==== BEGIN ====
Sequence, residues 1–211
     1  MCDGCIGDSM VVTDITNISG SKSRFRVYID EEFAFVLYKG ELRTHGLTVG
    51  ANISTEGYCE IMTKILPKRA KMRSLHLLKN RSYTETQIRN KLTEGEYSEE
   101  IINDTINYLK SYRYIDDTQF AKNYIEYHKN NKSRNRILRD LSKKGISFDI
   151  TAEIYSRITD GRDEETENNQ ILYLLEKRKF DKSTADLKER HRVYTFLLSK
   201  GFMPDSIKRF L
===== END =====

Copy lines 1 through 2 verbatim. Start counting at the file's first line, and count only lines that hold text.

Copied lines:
Sequence, residues 1–211
     1  MCDGCIGDSM VVTDITNISG SKSRFRVYID EEFAFVLYKG ELRTHGLTVG